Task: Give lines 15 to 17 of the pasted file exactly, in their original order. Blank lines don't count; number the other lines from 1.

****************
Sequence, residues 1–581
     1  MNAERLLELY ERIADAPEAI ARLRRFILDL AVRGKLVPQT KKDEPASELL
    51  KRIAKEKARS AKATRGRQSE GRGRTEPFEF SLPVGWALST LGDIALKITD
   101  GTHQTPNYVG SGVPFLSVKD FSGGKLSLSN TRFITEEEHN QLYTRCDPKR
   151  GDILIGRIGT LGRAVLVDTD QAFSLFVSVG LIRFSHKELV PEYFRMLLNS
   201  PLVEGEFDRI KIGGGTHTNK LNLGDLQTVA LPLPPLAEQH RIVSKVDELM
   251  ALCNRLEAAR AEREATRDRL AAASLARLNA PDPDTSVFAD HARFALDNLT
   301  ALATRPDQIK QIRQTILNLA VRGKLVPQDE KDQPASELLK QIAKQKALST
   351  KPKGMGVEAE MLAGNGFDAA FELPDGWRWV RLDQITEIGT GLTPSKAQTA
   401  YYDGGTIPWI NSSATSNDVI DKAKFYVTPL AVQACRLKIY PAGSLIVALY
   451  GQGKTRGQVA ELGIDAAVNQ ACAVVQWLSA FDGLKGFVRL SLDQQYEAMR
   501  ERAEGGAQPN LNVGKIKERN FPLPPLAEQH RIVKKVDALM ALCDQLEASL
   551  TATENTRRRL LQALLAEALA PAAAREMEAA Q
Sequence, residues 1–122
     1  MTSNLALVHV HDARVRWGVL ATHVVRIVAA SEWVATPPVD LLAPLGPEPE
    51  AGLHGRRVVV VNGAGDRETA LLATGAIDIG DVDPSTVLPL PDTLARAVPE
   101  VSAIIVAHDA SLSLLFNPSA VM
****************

     1  MTSNLALVHV HDARVRWGVL ATHVVRIVAA SEWVATPPVD LLAPLGPEPE
    51  AGLHGRRVVV VNGAGDRETA LLATGAIDIG DVDPSTVLPL PDTLARAVPE
   101  VSAIIVAHDA SLSLLFNPSA VM